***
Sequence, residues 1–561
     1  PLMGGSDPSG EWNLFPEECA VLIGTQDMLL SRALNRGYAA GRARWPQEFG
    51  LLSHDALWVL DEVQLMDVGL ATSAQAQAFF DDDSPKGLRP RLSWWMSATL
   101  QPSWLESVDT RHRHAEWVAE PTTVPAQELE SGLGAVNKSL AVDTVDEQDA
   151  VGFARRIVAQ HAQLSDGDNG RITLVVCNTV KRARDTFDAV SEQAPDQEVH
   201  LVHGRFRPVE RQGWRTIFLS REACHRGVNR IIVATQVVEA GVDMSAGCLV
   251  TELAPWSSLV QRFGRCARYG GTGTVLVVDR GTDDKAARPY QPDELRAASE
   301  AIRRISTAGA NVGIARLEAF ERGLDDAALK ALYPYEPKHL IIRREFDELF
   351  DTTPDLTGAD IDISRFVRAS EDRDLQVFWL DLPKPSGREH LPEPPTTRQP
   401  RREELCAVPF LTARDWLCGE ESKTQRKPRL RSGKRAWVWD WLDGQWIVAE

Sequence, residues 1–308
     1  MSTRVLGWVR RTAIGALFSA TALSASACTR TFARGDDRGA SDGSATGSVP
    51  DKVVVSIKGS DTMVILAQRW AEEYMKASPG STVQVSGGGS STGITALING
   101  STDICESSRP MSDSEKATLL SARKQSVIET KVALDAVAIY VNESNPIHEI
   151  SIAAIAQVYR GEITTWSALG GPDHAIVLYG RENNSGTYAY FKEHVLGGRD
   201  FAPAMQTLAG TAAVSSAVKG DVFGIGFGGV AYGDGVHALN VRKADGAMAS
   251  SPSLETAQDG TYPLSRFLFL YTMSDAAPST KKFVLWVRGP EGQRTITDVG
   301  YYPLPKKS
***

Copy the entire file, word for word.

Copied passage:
Sequence, residues 1–561
     1  PLMGGSDPSG EWNLFPEECA VLIGTQDMLL SRALNRGYAA GRARWPQEFG
    51  LLSHDALWVL DEVQLMDVGL ATSAQAQAFF DDDSPKGLRP RLSWWMSATL
   101  QPSWLESVDT RHRHAEWVAE PTTVPAQELE SGLGAVNKSL AVDTVDEQDA
   151  VGFARRIVAQ HAQLSDGDNG RITLVVCNTV KRARDTFDAV SEQAPDQEVH
   201  LVHGRFRPVE RQGWRTIFLS REACHRGVNR IIVATQVVEA GVDMSAGCLV
   251  TELAPWSSLV QRFGRCARYG GTGTVLVVDR GTDDKAARPY QPDELRAASE
   301  AIRRISTAGA NVGIARLEAF ERGLDDAALK ALYPYEPKHL IIRREFDELF
   351  DTTPDLTGAD IDISRFVRAS EDRDLQVFWL DLPKPSGREH LPEPPTTRQP
   401  RREELCAVPF LTARDWLCGE ESKTQRKPRL RSGKRAWVWD WLDGQWIVAE

Sequence, residues 1–308
     1  MSTRVLGWVR RTAIGALFSA TALSASACTR TFARGDDRGA SDGSATGSVP
    51  DKVVVSIKGS DTMVILAQRW AEEYMKASPG STVQVSGGGS STGITALING
   101  STDICESSRP MSDSEKATLL SARKQSVIET KVALDAVAIY VNESNPIHEI
   151  SIAAIAQVYR GEITTWSALG GPDHAIVLYG RENNSGTYAY FKEHVLGGRD
   201  FAPAMQTLAG TAAVSSAVKG DVFGIGFGGV AYGDGVHALN VRKADGAMAS
   251  SPSLETAQDG TYPLSRFLFL YTMSDAAPST KKFVLWVRGP EGQRTITDVG
   301  YYPLPKKS